As great as the 80s music was, we decided to head off in search of the next place. About 10 minutes’ walk up past the hospital and the university (and countless other small bars) we came across Pivotechna. This was easily the craftiest place we’d seen in Ostrava, with bottles and cans from around the world; not for the first time this trip, we even found a few bottles of Thornbridge on offer! The bar also offered probably the best value tasting flight I’ve ever seen at 69Kč (about £2.50) for six samplers. Unfortunately the beers themselves were a bit hit-and-miss on this occasion, but the highlight was Beerokracie’s Beerokratico (5.5%), once again a very enjoyable APA.
Leaving Picotechna, we ventured off the main road into a nearby housing estate. Our destination was a bar recommended on a city map, Kurnik Šopa, which is local slang for “Dammit”. The map promised it would be worth the journey, with beers from small Czech breweries plus authentic regional food. Apparently, there’s a second branch near the train station too, but we thought it would be more fun to visit the original. What we found was a traditional European pub, its wooden walls lined with empty beer bottles. Again, there were around 8 beers available on tap; Poppy went for the light, refreshing Pivovar Ogar Summer Ale (4%), while I had the surprisingly excellent Valášek Čokoládový Leoš (6%). Chocolate in an IPA sounds like an unlikely pairing, but I have to say the combination really worked!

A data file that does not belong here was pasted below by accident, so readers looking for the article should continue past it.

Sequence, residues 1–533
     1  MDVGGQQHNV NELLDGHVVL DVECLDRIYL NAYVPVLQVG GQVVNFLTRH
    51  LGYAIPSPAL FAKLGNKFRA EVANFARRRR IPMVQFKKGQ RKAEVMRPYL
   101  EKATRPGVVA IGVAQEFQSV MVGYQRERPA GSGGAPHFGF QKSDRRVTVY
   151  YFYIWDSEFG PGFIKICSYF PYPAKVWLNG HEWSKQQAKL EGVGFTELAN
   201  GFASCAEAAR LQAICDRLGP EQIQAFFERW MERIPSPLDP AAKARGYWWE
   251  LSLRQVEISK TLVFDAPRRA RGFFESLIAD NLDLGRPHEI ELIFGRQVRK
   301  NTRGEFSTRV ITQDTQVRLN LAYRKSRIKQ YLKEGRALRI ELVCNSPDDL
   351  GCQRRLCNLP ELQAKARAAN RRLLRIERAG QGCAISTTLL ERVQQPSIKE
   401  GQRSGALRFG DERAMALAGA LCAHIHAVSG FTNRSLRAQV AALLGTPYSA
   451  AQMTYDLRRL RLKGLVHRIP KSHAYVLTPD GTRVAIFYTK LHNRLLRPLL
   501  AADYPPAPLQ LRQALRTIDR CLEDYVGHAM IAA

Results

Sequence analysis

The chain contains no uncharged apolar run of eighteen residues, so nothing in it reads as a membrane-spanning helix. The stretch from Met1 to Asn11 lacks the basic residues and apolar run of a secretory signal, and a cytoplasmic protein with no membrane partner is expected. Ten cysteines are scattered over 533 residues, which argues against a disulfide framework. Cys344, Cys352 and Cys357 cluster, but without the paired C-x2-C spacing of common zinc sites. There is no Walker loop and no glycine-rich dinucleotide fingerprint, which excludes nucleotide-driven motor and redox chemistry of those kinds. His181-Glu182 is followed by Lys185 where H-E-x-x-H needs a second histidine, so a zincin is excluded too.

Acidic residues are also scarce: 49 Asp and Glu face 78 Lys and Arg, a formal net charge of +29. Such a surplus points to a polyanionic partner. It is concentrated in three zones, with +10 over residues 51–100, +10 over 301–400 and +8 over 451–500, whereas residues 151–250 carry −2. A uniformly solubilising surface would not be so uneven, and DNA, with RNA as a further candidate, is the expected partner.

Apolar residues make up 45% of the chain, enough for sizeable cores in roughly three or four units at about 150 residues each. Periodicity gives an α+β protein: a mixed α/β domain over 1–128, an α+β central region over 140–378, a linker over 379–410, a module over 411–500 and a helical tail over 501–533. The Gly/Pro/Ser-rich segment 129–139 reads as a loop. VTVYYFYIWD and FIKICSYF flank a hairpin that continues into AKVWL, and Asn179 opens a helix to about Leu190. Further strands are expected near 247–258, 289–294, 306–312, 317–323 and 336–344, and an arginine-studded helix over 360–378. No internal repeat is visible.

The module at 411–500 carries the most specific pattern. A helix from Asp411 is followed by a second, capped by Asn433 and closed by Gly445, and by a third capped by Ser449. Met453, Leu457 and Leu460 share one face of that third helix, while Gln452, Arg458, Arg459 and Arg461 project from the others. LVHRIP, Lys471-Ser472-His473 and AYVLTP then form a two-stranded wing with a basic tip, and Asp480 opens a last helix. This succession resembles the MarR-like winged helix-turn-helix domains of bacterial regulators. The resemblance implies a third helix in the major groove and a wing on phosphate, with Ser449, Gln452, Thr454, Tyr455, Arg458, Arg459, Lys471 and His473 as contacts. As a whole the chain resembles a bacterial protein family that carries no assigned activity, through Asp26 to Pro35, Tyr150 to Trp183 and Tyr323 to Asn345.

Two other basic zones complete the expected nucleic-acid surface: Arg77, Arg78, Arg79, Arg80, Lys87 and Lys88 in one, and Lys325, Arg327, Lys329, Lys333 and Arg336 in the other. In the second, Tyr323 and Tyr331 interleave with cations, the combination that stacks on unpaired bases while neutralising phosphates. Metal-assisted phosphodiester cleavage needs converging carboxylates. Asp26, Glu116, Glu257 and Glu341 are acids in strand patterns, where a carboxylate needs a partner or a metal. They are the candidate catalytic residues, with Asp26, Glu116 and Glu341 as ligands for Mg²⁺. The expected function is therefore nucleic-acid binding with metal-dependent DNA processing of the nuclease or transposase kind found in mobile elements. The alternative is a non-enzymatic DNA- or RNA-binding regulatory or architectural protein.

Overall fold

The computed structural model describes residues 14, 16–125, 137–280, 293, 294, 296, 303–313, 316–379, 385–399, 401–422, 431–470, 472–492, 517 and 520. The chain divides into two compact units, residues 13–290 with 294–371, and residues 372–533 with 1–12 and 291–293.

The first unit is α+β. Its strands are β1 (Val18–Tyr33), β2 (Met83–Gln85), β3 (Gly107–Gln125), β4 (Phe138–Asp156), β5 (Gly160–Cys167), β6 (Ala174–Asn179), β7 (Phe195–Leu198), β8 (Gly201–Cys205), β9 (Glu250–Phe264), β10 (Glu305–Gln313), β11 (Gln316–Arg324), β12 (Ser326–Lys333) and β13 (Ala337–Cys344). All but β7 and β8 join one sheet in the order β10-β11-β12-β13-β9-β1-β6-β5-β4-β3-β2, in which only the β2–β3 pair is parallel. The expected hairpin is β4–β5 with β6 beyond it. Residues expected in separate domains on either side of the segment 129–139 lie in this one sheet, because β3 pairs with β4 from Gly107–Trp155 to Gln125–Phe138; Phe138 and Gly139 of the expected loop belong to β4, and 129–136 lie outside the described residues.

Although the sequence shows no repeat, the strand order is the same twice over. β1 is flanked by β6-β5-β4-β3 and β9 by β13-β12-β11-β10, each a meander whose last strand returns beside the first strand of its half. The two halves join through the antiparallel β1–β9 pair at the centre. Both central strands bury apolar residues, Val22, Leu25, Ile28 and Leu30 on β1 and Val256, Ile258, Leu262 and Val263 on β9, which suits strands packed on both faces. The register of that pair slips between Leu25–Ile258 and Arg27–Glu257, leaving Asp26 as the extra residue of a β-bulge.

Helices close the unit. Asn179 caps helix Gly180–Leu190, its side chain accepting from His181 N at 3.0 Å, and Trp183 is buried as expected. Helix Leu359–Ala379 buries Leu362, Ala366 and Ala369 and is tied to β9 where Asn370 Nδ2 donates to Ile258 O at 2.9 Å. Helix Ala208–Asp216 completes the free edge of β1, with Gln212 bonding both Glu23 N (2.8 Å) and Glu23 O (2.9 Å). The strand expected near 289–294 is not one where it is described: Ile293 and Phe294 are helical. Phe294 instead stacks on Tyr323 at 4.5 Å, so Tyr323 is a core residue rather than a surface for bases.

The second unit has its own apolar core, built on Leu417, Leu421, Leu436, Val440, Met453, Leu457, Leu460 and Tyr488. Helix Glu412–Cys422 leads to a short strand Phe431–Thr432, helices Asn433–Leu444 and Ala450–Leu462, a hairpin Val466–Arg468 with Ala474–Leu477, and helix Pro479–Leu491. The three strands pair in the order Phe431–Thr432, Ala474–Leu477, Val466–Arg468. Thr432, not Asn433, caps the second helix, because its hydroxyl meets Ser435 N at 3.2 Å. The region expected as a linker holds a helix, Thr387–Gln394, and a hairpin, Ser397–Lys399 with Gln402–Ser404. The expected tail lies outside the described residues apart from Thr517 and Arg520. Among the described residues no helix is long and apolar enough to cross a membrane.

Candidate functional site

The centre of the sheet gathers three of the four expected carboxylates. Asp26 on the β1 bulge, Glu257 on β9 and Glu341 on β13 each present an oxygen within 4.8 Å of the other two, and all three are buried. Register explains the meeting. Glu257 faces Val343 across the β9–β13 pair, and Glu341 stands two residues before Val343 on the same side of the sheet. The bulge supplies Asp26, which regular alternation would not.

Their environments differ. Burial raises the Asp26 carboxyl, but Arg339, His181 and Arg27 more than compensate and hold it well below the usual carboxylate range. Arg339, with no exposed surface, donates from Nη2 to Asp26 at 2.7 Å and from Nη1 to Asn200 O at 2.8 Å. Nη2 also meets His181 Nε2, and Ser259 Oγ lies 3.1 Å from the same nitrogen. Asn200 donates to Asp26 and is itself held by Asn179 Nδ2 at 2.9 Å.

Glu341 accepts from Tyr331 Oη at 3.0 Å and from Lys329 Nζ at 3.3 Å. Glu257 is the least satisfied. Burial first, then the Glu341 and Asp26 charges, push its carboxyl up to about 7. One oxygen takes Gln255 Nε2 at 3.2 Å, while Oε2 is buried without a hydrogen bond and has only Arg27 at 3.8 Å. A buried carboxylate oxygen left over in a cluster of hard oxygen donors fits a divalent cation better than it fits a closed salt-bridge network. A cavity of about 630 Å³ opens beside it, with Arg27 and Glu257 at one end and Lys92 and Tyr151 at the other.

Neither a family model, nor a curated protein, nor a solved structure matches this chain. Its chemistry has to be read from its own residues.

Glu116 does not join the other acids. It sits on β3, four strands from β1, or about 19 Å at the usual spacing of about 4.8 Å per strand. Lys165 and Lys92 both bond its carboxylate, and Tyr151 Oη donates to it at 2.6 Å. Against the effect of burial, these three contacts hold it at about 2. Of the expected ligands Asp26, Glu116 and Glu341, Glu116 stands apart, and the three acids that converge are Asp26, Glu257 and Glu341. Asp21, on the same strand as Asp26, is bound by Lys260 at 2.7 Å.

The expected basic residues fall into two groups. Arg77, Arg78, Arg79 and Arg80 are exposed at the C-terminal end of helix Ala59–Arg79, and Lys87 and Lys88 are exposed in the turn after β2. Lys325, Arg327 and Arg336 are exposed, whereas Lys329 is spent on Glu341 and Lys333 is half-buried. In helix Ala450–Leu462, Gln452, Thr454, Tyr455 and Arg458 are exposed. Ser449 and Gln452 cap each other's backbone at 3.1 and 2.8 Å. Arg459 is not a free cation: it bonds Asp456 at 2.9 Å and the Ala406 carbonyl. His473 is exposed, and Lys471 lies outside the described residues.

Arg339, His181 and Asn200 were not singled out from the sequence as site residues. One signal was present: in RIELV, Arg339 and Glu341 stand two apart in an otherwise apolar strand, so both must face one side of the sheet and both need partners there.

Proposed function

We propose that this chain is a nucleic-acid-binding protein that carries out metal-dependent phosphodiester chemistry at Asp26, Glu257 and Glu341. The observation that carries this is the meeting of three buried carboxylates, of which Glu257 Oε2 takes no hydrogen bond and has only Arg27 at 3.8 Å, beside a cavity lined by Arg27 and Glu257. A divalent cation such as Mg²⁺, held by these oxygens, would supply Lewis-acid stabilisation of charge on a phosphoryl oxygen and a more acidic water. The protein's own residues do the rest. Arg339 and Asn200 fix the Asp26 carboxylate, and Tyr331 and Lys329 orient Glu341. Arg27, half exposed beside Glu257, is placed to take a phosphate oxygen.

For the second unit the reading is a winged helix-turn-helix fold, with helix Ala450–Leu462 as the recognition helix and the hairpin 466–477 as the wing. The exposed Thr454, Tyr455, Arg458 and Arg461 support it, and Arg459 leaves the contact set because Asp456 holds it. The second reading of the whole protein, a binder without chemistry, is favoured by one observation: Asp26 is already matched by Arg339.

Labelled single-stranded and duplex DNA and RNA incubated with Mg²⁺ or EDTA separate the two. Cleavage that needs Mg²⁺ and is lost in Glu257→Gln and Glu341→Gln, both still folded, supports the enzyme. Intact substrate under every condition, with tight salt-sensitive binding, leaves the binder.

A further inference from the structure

There were still a couple of city centre bars to check out before we left Ostrava, so we jumped on a tram back into town. Our first port of call was Psí Kusy, the tap room for the local HoppyDog micro-brewery. We’d actually had one of their beers in our Pivotechna tasting flight earlier in the day, so I was looking forward to trying one or two more of theirs. They only had 3 beers available on tap but I wasn’t disappointed – the Hoppy Fruity 14° was a delicious IPA packed with mango and citrus notes.
With an hour before the local supermarket (pretty much the only place in town to get food after 7 pm) closed, we just had time for one more before calling it a night. We decided to finish up in the Hobbit Club, a vaguely Tolkien-themed bar with a very loud heavy metal playlist. They also brew their own beer, sold under the Qásek brewery label. In true Czech fashion, I chose to finish the evening with a lager. Tmavý Ležák 11° (4.4%) was a classic dunkel beer, with its deep brown colour and smooth, malty flavour.
I’m in Ostrava for the day, where should I visit? If it’s craft you’re after, then you can’t really look past Pivotechna; they have a great range of Czech microbreweries, plus international names such as De Molen. However, for the true Czech pub experience, I can highly recommend Kurnik Šopa – I only wish we’d stayed to try the food too!
Brewery to look out for? I’d never had a chocolate IPA before, but Valášek’s Čokoládový Leoš was probably my favourite beer of the few days. They’re not a brewery I’d heard of before, but I’ll definitely be keeping an eye out now.